Reviewed by Glen Ashman

Glen Ashman

Once TEST you get through a divorce, you'll want to tie up a few legal loose ends as you prepare to start your new life. The most common legal steps that newly divorced individuals need to do include changing names officially, preparing for a restraining order, requesting enforcement of the divorce decree, establishing a garnishment, and retitling all necessary property. Be aware, however, that every divorce is different and professional advice is important. It is always best to consult with an attorney when you have legal questions.


Get started Start Your Name Change Answer some questions. We’ll take care of the rest.

Change Your Name Officially

In most states you can ask, as part of a divorce, to get a maiden name or former married name restored (if you forgot to ask you have to file a separate court case).  It’s always a good idea to talk to your divorce attorney about name changes early-on, so you can figure out when and how to smoothly get your name changed.   After the divorce you will need to show certified copies of the divorce decree to Social Security, the US Passport agency, state drivers license office, banks and so on.

Prepare for a Restraining Order

Some divorces end with antagonism, and if you need to protect yourself, it may be necessary for you to get a restraining order against your former spouse.  However, most well-written settlement agreements contain language to cover such events, so violations may be addressed by contempt.   Regardless a big problem with such actions is that people fail to document events with police reports, photos and receipts.  Document hostile encounters, including times and dates. Report any situations to the police. Do not ignore them. The good news is that if you prepare for it in advance, you will be better able to protect yourself and in a better position overall.

Request Enforcement of the Divorce Decree

You may find that you can't get your ex-spouse to hand over property or cooperate with the decree. Things become even more complicated when you’re dealing with property in another state. Fortunately, you don't have to settle this all alone, and other states will recognize most divorce decrees. To request enforcement, you generally must file a contempt case, and since contempts are complex, discuss the pros and cons with a lawyer before filing.   Contempts are costly and sometimes a lawyer “warning letter” can avoid a contempt case.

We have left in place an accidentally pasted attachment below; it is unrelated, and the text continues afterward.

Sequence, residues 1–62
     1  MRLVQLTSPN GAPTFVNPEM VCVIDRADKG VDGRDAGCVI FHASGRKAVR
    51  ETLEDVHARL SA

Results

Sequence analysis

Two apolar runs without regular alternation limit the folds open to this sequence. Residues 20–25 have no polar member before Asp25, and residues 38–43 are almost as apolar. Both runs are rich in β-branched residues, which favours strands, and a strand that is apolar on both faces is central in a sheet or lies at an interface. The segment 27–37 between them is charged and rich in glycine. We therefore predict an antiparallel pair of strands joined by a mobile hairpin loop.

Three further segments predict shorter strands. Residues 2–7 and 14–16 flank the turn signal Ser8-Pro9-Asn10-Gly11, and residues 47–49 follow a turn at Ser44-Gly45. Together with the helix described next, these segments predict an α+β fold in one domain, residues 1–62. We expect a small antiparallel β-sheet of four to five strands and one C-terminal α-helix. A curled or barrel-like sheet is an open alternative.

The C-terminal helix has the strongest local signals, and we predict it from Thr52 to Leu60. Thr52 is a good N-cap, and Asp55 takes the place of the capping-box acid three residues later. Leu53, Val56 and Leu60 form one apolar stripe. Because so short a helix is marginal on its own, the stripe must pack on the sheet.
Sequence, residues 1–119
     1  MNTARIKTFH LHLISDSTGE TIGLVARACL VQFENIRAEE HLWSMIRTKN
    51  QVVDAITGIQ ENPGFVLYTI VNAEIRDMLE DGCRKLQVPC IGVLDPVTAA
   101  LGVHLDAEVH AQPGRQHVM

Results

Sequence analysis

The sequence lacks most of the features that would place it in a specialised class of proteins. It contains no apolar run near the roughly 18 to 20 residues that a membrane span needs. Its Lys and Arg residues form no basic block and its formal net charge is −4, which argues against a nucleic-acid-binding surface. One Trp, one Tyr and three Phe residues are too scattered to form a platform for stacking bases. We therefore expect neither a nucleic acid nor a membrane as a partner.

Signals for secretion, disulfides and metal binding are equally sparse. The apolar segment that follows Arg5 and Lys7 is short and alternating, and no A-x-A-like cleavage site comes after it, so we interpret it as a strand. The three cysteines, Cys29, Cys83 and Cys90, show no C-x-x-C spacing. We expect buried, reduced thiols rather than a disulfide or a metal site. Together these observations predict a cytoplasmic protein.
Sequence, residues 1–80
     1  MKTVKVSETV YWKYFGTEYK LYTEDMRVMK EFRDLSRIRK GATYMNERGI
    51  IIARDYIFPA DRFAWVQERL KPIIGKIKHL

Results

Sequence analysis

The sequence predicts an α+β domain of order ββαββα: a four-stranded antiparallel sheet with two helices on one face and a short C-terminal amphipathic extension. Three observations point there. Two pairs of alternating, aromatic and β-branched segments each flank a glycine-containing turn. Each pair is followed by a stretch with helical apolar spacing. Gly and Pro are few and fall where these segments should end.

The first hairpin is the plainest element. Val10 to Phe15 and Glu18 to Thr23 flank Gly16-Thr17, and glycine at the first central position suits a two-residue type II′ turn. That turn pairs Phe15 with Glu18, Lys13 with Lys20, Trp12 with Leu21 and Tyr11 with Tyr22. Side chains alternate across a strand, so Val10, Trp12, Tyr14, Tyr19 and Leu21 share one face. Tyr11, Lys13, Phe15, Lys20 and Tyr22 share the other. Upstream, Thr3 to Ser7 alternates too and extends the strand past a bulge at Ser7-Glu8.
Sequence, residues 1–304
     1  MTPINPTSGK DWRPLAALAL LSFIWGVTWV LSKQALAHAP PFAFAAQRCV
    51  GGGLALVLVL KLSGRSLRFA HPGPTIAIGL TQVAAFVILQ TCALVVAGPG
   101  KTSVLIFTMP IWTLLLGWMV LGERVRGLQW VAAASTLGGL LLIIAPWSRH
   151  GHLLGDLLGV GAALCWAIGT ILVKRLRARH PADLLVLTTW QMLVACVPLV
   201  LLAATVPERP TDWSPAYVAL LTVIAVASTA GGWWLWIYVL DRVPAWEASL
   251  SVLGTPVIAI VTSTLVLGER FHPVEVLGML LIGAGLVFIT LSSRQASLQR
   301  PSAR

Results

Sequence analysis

Establish a Wage Withholding Order

If you are the custodial parent or have been given spousal support, you have a right to ask the state to collect for you via payroll deduction.    If you did not obtain such an order when the support issue was ordered, and it involves child support, your state child support agency can help.  All states have an IV-D office that enforces child support orders. They won’t charge you for this service, but they don’t collect spousal support themselves. If you need assistance to collect alimony, you may need a lawyer’s assistance.

Retitle All Necessary Property

If houses or vehicles have been transferred in the divorce decree, you may need to retitle them.  If you had a lawyer, the lawyer can prepare deeds and other documents.   Note that some property with debts owed  (like vehicles) may not be able to be retitled in some states until the loan is paid off.   Do not delay in transferring land.  Delays may allow creditors of the  ex-spouse to record liens against what should be your property.

Get started Start Your Name Change Answer some questions. We’ll take care of the rest.

Get started Start Your Name ChangeAnswer some questions. We’ll take care of the rest.

About Glen Ashman

Glen Ashman offers quality legal services at affordable fees. In addition to having practiced law since 1980, Glen has been a City Judge for East Point since 1988. He is licensed to practice before all federal and state courts in metro Atlanta. He is rated BV (very high) in Martindale and is a Rocket Lawyer On Call Attorney. He is a cum laude graduate of Mercer Law School and a graduate of Emory University.